Cracking the Case with Author John Patrick Green

Imagine two alligators working as investigators using the latest spy technology to solve mysteries and you would have an idea of what you’ll find in one of John Patrick Green’s InvestiGators graphic novels.

Student with pizza hat
Lower School Author Visits are Back!

Lower School librarian Kristen Robb was thrilled to welcome Grades 2, 3, and 4 to the Dance Studio for the first Author Visit in a long time and the students, some wearing fancy chapeaus for Crazy Hat Day, were eager to hear about Green’s writing career.

Green is also the artist and co-creator of the graphic novel series Teen Boat!, with writer Dave Roman. Green, who grew up on Long Island, now lives in Brooklyn.

Love of Comics and Storytelling Becomes Green’s Calling

Green began by sharing his own “origin story.” Because he had asthma and allergies as a young child, he missed many days of school. There was no Zoom or Internet then for him to take part in class, so he spent his time at home reading, drawing, and making up stories. He loved comic strips such as Garfield, Peanuts, and Calvin and Hobbes and taught himself how to draw Garfield. He demonstrated on an art easel for the Poly students.

Lower School guest author John Patrick Green

A comic strip is essentially made of three panels with the beginning, middle, and end of a story or a joke, Green explained. When he returned to school in third grade, friends noticed that he was very good at drawing Garfield. Soon they were paying him a dollar for a Garfield picture. But his friends were using their lunch money to buy the pictures and their parents complained, so the principal called his mother. His mom said he had a right to “earn a living.” But, there was also the problem that the image of Garfield was copyrighted. So “J.P.,” as he was known then, had to create his own characters.

By fourth grade, Green had come up with the “Footsies,” people with very large feet. J.P. drew three-panel strips and photocopied them and sold them to friends, though not taking their lunch money. Eventually, by the time he was in Grades 5-9, he created “comic books” of the Footsies’ adventures modeled on action adventures such as Spiderman and X-Men and sold these to friends.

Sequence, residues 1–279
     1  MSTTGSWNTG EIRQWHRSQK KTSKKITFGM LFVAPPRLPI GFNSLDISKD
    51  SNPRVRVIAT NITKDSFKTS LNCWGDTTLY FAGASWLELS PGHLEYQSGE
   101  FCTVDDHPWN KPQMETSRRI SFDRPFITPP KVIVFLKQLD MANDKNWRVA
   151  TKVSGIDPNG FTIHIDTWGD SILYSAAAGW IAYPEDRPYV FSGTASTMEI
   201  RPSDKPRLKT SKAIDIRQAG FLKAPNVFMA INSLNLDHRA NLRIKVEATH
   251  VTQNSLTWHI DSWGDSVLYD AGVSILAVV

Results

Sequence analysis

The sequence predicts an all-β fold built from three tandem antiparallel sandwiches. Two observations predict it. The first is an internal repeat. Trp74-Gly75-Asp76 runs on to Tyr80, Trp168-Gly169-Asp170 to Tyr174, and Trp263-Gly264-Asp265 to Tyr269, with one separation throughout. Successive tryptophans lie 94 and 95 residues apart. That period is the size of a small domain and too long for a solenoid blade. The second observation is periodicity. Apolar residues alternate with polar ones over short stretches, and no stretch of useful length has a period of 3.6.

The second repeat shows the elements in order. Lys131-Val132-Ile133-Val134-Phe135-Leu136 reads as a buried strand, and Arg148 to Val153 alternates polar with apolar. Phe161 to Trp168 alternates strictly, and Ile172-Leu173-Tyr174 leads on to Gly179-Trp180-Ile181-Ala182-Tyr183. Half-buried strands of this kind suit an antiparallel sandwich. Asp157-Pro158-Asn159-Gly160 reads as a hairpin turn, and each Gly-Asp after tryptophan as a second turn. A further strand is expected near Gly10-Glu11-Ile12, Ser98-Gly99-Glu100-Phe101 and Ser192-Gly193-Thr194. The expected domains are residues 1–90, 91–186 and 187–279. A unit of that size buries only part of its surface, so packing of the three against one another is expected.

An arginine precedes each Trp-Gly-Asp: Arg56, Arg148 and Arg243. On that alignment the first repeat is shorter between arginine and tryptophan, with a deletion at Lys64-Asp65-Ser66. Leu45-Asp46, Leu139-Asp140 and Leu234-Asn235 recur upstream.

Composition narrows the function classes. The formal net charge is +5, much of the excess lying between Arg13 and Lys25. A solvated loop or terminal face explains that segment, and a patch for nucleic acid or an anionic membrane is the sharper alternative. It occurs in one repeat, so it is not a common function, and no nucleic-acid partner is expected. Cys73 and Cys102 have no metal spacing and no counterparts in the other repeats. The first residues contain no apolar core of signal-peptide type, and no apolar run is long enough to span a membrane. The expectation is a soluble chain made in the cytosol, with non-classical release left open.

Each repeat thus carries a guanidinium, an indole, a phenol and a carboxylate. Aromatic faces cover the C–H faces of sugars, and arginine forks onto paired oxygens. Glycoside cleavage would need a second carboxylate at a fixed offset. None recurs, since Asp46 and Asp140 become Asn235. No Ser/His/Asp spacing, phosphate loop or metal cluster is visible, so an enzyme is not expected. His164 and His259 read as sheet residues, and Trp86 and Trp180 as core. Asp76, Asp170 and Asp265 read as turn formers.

By the time he went to college, Green wanted to explore different aspects of art at the School of Visual Arts. There he met Dave Roman, later the author of the Astronaut Academy series. (Robb noted that Roman was a past Lower School guest author.) Green and Roman had similar origin stories and began working on comic books together, sometimes alternating in the roles of artist and writer, or writing the good guy versus bad guy roles.

Students excited by John Patrick Green's visit to Poly.

After college, Roman got a job working for Nickelodeon and Green went to work for Disney where he stayed for 10 years.  But the two friends continue to collaborate on projects now with Roman acting as Green’s editor.

InvestiGators Come to Life

Through his work at Disney, Green met people in publishing and had contacts for when he was ready to go out on his own. He began with ideas for animals who had “human jobs” like the Kitten Construction Company. He found that animals wearing clothes was funny. And people related to stories about jobs as “very relatable.”

It occurred to him, “What do you call an alligator who solves crimes?” An Investigator! And they can also go undercover! This led to his two main characters, Mango and Brash, and their arch rival, Crackerdile. A student held up her copy of one of the InvestiGator books. The series now has six editions, with the most recent being Heist and Seek. But Green told the students that he is already working on the next episode in the adventures of Mango and Brash!

After a brief Q&A, some students chatted with their favorite author.

John Patrick Green with students
John Patrick Green with students

Watch InvestiGators animated shorts.